According to traditional business economics, many companies should not even exist. However, a completely different way of economical success could develop, in contrast to the theory, if happiness played the lead instead of money.
By Annette Jensen
Translated from the German by Chantal Gruber, Yvette Gossel and Ruthild Garner
One weekend, a couple of village dwellers near Munich decided not to be at the mercy of the food industry any longer. They were tired of buying their eggs from agonised chickens and eating vegetables that were grown in a field hundreds of kilometres away. They cannot be bothered to protest or hope for political decisions. Therefore, they took matters into their own hands. Since these people had understood that small farms have only a small chance of survival in the system, they organised a market stall for an organic farmer and worked there themselves. In the beginning, they didn’t even have a scale and therefore a paediatrician had to help them out with hers.
The project was fun for all of the participants. The network grew and gradually developed into a cooperative called Tagwerk (day work). Today, besides the numerous consumers, about one hundred growers such as farmers, beekeepers, butchers, millers and cheese makers are involved. The cooperative generates roughly EUR 5m per year, employs 39 people and is an important economic factor.
The organisation claims that cooperation makes people happy. Today, the promotion of regional food products is not the only aim of the Tagwerk companion. The cooperative’s longtime chairman Inge Asendorf explains that she abandoned her academic career to work for Tagwerk due to the funny and interesting people. New projects are being developing continuously. For example, one companion writes funny seasonal recipe books, and the former bank manager Rudolf Oberpriller organised bicycle trips to farms and invented an ecological bicycle path throughout Germany. He says that his former work was useless and that the companions of the network do not need a lot of money to set up something meaningful. Rudolf Oberpriller’s statement confirms the results of the international happiness research, which Kate Pickett and Richard Wilkinson have summarised on the basis of worldwide research. They say that cooperation makes people happy ? whereas earning more money only supports well-being in very poor social classes and rising inequality does not even make rich people happy.
Even the founding of the Elektrizitätswerke Schönau (EWS; Schönau electricity plant), which today is a nationwide provider of green electricity, had not been planned. Chief executive Ursula Sladeck says that the participants in fact just slipped into the project. Everything began in 1986, after the nuclear accident in Chernobyl. Some neighbours wanted to take the first steps towards the grassroots phasing out of nuclear power by organising energy efficiency competitions. Then however, the venture developed its own dynamics, which were expedited by a stubborn energy provider who threatened to take the energy savers to court for harming the interests of his company. In subsequent years, the rebels of the Schönau electricity plant experienced a lot of solidarity. Was it ‘luck’ that experts had always appeared at just the right moments to help them out?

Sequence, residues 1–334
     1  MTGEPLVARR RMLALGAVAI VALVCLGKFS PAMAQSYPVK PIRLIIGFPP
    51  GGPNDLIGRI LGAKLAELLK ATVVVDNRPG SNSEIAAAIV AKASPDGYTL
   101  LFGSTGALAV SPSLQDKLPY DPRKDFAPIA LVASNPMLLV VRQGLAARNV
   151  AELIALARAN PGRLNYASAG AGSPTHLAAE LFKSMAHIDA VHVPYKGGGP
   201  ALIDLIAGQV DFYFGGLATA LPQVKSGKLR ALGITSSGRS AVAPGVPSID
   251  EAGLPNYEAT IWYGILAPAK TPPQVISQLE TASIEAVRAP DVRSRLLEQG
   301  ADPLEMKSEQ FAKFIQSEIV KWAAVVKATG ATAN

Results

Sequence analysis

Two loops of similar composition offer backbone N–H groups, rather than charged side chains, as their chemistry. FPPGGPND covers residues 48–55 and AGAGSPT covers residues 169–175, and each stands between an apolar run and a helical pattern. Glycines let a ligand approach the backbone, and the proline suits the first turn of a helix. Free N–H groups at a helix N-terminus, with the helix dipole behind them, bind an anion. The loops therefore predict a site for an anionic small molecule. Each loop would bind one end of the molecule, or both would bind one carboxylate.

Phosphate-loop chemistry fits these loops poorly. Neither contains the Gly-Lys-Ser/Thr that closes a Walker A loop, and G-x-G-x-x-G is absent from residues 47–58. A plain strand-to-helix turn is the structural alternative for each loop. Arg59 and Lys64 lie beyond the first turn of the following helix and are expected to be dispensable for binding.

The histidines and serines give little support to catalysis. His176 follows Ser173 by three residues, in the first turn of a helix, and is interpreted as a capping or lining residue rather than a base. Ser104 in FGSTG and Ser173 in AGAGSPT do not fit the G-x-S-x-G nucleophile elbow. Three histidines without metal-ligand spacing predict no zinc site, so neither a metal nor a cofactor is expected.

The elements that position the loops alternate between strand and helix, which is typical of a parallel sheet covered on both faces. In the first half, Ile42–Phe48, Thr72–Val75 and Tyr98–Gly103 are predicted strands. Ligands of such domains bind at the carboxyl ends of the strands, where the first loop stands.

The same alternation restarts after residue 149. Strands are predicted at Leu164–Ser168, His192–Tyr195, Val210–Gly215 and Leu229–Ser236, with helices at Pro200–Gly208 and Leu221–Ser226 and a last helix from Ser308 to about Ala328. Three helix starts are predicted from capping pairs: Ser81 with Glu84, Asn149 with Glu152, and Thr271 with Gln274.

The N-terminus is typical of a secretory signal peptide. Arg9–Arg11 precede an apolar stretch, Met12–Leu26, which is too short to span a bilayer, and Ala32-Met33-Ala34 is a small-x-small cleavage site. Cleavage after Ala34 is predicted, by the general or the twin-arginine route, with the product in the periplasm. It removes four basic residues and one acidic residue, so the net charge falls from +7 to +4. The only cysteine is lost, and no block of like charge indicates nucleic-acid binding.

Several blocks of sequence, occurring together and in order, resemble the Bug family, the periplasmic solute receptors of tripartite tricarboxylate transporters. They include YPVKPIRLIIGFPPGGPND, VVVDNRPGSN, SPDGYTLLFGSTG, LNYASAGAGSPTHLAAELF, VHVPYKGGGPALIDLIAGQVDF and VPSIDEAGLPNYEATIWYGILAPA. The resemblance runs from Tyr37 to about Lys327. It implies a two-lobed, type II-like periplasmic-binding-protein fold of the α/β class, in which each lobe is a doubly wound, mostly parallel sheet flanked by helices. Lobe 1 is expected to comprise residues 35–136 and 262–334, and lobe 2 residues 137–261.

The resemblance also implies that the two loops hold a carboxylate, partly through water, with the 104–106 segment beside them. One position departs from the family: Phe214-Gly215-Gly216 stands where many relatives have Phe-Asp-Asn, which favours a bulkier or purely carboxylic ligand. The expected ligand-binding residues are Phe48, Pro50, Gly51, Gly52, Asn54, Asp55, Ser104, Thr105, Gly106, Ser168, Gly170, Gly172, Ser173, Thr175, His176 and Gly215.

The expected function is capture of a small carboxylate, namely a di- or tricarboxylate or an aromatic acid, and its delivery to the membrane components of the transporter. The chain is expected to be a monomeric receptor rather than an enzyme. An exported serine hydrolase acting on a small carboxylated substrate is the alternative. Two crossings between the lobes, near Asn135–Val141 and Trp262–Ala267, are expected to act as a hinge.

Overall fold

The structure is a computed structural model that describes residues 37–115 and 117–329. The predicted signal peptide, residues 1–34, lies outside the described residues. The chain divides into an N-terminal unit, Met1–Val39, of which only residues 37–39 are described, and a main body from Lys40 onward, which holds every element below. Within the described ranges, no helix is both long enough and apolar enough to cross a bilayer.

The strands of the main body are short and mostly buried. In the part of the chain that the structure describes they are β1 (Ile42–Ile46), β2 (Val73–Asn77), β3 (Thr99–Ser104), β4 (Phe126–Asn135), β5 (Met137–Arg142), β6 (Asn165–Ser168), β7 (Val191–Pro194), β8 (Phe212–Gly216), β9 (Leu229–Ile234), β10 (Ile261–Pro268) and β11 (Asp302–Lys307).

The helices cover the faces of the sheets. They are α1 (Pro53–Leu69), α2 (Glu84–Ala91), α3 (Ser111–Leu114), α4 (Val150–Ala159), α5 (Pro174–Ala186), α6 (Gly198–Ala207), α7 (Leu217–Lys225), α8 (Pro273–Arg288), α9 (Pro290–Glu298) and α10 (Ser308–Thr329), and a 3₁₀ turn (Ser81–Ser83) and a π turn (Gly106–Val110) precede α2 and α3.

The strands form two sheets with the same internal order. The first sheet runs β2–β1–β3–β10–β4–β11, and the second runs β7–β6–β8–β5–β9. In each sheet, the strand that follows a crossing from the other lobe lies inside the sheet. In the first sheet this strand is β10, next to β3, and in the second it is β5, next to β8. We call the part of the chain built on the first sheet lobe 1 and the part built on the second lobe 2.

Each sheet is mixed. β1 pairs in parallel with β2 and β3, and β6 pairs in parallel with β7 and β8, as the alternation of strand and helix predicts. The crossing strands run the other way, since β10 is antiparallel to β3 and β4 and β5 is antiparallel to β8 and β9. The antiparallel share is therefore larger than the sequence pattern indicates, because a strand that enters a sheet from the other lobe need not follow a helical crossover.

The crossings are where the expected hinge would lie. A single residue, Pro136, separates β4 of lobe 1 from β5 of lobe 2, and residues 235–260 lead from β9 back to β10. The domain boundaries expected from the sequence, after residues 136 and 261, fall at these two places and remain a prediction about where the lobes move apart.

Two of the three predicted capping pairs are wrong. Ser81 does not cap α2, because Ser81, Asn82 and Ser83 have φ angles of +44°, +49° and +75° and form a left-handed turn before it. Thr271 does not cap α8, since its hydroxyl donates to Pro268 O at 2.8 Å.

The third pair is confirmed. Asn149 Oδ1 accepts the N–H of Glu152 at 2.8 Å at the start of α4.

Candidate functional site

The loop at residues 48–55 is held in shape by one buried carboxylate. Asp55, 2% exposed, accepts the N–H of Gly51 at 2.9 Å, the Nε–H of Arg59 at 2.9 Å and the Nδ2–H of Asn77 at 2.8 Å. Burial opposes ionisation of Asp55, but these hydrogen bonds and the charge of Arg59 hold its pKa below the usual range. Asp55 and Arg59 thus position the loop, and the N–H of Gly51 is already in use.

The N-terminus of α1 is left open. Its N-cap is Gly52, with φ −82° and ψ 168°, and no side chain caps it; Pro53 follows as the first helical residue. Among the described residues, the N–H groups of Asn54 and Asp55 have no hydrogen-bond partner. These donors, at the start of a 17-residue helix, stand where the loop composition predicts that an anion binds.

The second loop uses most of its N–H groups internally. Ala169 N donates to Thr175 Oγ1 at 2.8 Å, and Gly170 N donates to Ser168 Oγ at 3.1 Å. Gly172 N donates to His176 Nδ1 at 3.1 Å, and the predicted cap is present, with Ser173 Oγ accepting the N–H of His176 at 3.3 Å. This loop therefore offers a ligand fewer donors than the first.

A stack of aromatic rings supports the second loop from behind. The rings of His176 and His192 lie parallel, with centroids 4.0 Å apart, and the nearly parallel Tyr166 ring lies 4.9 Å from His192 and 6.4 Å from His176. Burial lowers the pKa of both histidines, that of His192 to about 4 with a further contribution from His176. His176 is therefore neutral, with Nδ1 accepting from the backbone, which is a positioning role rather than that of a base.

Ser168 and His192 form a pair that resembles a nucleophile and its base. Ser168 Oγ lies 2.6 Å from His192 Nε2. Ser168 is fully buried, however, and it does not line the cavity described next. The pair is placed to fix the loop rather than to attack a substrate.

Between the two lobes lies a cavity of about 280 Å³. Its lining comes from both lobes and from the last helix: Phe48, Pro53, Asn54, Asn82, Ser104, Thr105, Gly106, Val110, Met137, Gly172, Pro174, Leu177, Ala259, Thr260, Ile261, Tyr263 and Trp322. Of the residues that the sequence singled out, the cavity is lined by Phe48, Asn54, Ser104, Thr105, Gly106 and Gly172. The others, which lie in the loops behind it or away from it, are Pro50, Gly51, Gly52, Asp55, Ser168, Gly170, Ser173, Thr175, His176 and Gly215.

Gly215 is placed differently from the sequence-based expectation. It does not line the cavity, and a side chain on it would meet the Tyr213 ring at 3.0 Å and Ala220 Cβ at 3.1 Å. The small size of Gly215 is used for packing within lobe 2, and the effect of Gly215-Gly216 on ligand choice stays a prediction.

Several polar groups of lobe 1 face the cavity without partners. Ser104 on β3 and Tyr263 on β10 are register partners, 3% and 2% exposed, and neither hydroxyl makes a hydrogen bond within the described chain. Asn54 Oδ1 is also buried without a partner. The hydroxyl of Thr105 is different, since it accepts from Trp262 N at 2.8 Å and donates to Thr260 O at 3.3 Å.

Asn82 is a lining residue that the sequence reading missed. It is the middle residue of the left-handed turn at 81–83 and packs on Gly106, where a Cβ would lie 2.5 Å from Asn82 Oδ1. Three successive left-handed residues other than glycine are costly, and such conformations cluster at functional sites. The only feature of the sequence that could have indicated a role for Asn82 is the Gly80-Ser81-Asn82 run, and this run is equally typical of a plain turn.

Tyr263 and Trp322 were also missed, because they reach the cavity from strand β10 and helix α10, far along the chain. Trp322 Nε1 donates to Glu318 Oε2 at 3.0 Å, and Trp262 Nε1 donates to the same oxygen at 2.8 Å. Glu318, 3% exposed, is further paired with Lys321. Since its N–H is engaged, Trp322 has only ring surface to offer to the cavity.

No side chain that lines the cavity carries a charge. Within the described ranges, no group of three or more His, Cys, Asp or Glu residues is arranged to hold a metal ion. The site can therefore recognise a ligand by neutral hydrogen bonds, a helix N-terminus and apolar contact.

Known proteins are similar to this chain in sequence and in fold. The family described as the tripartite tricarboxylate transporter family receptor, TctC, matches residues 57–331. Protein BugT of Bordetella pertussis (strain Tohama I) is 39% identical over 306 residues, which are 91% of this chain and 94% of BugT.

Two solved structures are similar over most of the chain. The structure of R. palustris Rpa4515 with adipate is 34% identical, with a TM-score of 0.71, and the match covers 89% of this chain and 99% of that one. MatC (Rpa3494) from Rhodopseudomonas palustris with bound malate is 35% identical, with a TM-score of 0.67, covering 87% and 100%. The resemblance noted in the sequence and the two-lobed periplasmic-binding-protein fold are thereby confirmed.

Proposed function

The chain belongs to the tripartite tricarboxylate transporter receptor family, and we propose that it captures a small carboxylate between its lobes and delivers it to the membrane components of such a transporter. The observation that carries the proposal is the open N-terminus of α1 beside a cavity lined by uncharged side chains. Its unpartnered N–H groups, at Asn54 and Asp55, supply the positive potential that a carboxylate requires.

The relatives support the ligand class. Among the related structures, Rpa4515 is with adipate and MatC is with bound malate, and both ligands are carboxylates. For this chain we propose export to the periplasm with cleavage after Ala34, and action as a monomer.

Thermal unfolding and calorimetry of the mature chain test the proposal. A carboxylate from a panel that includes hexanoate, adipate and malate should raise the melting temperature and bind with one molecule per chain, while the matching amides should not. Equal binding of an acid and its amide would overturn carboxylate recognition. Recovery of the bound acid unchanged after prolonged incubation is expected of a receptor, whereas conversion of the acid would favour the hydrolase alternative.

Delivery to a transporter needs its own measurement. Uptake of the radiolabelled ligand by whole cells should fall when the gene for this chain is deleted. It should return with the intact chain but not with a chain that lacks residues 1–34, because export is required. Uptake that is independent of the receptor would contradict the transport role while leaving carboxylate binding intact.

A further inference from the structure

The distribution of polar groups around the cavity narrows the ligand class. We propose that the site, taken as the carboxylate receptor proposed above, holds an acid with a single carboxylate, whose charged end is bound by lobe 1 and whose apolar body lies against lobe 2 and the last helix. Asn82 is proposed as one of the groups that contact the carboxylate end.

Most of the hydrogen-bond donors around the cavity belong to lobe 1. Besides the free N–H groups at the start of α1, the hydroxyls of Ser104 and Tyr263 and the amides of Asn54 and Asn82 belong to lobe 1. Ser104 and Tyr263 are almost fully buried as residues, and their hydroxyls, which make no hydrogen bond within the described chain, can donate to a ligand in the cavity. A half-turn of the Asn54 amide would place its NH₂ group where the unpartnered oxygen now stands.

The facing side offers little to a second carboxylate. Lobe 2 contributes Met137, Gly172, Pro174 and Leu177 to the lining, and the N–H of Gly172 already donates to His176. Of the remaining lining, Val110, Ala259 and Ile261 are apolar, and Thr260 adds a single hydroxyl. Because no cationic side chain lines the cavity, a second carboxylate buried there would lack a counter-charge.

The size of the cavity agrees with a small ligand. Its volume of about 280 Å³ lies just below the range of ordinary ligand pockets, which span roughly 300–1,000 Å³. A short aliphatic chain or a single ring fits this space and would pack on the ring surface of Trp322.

However, this issue then started to develop a momentum of its own and was driven by a stubborn energy supplier that threatened to take those people to court who had tried to reduce their energy consumption, for harming his business. In the following years, the ‘nuclear power rebels’ from Schönau received a lot of support. Were they just lucky to have always found experts at the right time to help them? Engineers, management and tax consultants, municipal representatives and publicity experts voluntarily offered their specialised knowledge, often even free of charge. They were fascinated by the project and knew that it depended on their support. They did not earn any money, but they got the great feeling of having successfully contributed to establishing an extraordinary company. Together they were able to compete with their powerful and financially better-off opponents and therefore helped David to win the battle against Goliath. The growth-critical economist Tim Jackson states that successful relationships are the key to happiness – and that “trust, safety and the sense of community decisively contribute to social well-being”. Even the people who only receive their energy from the ‘nuclear power rebels’ from Schönau can consider themselves part of this success story.
And in fact, there are more happy entrepreneurial personalities. The chemist Hermann Fischer is a good example, because in his Auro chemical plant, located in Braunschweig, only organic and other natural substances are used to produce varnish, glue and cleaning agents. Fischer`s concept is thus exceptional in that sector – today approximately 90 per cent of chemical substances are based on petroleum and other fossil resources. But the 60-year-old chemist is firmly convinced that his ‘solar chemicals’ will prevail in the long run, as not only the most important resource of the conventional chemical industry is finite, but their production also only works by using many highly toxic substances like chlorine and nitric acid. Within the various steps of the synthesis process, apart from the desired products, high amounts of waste are also produced whose dangerous impact, however, is being ignored. By comparison, all of the products of the Auro company are biodegradable. As a student, Hermann Fischer already knew that he would never want to work for the pharmaceutical giants Bayer or BASF. Therefore, together with two fellow students, he founded his first company. He concludes his credo by saying that they did not only want to think about the right thing, but also act the right way. Happiness researchers believe that living and putting convictions into effect makes people content, as you can see in the case of the chemist Hermann Fischer. In contrary, the Happy Planet Index shows that environmental destruction has an extremely negative impact on one's well-being.